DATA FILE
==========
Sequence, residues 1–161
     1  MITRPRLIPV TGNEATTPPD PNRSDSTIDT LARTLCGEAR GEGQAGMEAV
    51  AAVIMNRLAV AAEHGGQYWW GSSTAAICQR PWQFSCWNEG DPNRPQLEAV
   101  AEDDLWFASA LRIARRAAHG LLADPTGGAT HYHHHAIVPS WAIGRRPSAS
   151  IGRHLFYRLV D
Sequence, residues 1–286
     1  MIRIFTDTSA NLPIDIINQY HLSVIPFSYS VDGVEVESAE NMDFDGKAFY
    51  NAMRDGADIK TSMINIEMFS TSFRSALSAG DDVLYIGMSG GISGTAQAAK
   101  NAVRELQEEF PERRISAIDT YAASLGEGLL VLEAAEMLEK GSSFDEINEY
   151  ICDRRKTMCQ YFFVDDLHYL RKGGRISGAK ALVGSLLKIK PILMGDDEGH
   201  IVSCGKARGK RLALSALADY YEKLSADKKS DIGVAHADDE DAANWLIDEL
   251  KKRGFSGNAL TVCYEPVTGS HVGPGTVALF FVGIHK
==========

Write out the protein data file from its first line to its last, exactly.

Sequence, residues 1–161
     1  MITRPRLIPV TGNEATTPPD PNRSDSTIDT LARTLCGEAR GEGQAGMEAV
    51  AAVIMNRLAV AAEHGGQYWW GSSTAAICQR PWQFSCWNEG DPNRPQLEAV
   101  AEDDLWFASA LRIARRAAHG LLADPTGGAT HYHHHAIVPS WAIGRRPSAS
   151  IGRHLFYRLV D
Sequence, residues 1–286
     1  MIRIFTDTSA NLPIDIINQY HLSVIPFSYS VDGVEVESAE NMDFDGKAFY
    51  NAMRDGADIK TSMINIEMFS TSFRSALSAG DDVLYIGMSG GISGTAQAAK
   101  NAVRELQEEF PERRISAIDT YAASLGEGLL VLEAAEMLEK GSSFDEINEY
   151  ICDRRKTMCQ YFFVDDLHYL RKGGRISGAK ALVGSLLKIK PILMGDDEGH
   201  IVSCGKARGK RLALSALADY YEKLSADKKS DIGVAHADDE DAANWLIDEL
   251  KKRGFSGNAL TVCYEPVTGS HVGPGTVALF FVGIHK